Pilvi Riihilä ja Pia Vihinen laboratoriossa

Health through Research: Studying Skin with Molecular Precision

10.09.2020

Top-level skin cancer research acknowledging the individuality of cancer is conducted in Turku. In the studies, the characteristics of cancer are examined at the level of tracers and molecules. This opens up the opportunity to tailor the most suitable treatment for each patient. The studies are rewarding for both the researchers and the research subjects. At best, patients with advanced skin cancer benefit from the new medicinal products used in trials long before these products are in commercial use.

In Turku, cancer research is conducted as close collaboration of university and hospital researchers. Turku University Hospital (Tyks) and the University of Turku Faculty of Medicine thus work as a team and as part of a larger system, the Western Finland Cancer Centre (FICAN West), which is led by Docent of the University of Turku Pia Vihinen, Specialist in Oncology and Radiotherapy. Vihinen is a member of the skin cancer research group at Tyks.

When Vihinen was still a specialising physician, an older colleague warned her not to specialise in melanoma, which was a grim disease. “Why not study something that involves a possibility to achieve better results?” It is true that for decades, it was only possible to slow down the symptoms of melanoma with cytostatic treatments. However, a turn for the better took place 20 years ago: the BRAF gene mutation was discovered and the work to develop cancer drugs against it began.

– In the past 6–7 years, a considerable number of new highly specific drugs have been discovered, both BRAF and MEK inhibitors, which affect the internal signalling pathways of cancer cells. These are sophisticated treatments that prevent the growth of melanoma cells. The prognosis of advanced melanoma is now entirely different and there are new effective treatments for the disease. This is the greatest thing I have seen as a cancer specialist and the reason why I am so excited about it, Vihinen says.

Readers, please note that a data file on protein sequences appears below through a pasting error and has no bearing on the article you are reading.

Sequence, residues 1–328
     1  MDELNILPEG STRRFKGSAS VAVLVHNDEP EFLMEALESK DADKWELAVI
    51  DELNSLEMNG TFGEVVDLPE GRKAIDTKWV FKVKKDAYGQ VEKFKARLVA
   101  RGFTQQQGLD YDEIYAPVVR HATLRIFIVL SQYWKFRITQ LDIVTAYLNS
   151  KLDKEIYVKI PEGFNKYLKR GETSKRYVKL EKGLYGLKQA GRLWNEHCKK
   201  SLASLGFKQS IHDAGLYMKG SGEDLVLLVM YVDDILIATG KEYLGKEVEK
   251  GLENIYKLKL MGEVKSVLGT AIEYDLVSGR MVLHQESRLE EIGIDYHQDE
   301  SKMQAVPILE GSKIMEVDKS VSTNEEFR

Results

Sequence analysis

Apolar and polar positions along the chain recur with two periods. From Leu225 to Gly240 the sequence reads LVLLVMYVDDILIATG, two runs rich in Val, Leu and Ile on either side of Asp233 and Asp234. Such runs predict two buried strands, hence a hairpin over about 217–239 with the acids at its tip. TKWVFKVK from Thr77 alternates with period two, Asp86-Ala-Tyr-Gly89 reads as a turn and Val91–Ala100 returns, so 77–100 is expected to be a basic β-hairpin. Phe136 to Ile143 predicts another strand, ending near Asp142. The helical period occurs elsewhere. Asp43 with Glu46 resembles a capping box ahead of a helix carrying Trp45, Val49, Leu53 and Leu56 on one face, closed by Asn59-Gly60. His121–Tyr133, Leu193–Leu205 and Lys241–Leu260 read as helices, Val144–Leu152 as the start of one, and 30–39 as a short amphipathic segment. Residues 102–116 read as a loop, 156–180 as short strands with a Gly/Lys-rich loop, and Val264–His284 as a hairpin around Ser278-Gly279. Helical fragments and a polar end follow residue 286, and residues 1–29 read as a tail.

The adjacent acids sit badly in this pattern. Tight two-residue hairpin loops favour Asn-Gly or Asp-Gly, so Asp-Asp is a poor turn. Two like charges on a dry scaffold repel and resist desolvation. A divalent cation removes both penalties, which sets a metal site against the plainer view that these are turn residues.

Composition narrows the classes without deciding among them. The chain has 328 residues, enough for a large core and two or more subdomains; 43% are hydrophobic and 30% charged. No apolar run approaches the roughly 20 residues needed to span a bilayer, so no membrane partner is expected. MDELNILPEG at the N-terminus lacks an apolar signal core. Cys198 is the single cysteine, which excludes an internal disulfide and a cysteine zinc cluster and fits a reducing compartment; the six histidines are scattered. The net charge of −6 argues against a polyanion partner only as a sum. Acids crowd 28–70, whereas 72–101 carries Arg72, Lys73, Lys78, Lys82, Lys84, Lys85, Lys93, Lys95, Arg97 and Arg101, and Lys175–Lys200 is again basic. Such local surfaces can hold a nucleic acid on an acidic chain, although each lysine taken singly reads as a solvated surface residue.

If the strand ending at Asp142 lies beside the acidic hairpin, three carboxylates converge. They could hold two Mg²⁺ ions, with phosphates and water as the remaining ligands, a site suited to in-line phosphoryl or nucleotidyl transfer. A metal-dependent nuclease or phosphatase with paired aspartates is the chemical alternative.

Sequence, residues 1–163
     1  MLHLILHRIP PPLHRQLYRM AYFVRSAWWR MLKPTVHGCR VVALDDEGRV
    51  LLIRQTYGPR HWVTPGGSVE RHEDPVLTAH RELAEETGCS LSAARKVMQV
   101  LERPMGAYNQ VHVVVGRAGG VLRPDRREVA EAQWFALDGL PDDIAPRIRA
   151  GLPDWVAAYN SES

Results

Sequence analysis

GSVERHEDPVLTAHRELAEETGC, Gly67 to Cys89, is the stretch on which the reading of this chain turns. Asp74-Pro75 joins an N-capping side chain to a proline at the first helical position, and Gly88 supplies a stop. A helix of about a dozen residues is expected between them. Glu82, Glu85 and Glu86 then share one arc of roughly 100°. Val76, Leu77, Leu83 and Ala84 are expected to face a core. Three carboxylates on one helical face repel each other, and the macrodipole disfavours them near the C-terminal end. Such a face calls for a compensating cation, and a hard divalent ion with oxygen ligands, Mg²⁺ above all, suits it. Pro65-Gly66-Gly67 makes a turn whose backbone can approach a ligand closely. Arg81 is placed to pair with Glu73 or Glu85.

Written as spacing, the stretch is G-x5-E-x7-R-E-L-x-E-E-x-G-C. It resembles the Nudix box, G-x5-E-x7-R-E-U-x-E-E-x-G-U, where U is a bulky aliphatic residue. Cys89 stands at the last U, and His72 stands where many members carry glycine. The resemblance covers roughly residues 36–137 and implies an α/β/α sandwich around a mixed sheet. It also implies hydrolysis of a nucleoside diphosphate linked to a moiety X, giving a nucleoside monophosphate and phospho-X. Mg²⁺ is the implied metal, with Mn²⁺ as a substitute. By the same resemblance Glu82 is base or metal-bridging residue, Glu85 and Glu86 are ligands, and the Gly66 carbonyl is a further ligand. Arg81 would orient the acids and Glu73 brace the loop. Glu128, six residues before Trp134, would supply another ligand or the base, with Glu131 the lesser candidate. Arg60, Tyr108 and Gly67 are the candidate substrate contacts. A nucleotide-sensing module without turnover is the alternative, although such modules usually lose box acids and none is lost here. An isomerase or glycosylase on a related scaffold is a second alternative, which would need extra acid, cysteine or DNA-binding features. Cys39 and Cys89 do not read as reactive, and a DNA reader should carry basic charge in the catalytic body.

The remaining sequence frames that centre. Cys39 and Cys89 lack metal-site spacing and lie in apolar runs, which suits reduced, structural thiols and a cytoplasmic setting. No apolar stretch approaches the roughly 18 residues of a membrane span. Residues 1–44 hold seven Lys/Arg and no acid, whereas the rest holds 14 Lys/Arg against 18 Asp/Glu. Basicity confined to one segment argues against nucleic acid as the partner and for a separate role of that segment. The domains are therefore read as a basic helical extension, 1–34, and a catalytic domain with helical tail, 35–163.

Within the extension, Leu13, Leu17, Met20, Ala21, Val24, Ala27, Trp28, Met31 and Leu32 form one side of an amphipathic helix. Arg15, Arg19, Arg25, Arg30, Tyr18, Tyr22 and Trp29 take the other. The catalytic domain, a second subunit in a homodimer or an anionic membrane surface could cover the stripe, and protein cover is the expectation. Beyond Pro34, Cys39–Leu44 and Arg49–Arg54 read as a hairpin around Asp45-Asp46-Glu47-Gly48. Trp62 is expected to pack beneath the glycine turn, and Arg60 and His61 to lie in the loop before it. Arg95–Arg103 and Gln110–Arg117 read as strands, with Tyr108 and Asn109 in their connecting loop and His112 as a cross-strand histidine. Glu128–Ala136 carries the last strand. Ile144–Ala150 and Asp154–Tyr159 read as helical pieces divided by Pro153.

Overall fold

– I have witnessed people recovering as a result of our treatments. When I was a specialising physician, it was extremely rare for anyone to survive advanced melanoma. Now we see that the progression of the disease can be halted. Even if metastases remain, they may remain passive and stop advancing.

Researchers Pilvi Riihilä  and Pia Vihinen in their laboratory.

Patients Participating in Research Benefit

FICAN West examines factors predicting melanoma and drug therapies for advanced cancer. As such, the prognosis of melanoma as a skin cancer is good. However, the patients Vihinen treats are those 15% who develop melanoma that has spread locally or more extensively.

Vihinen’s research patients receive new combination therapies in which both trial-stage immunological drugs and previously developed ones are used. The results of these double immunotherapies are promising.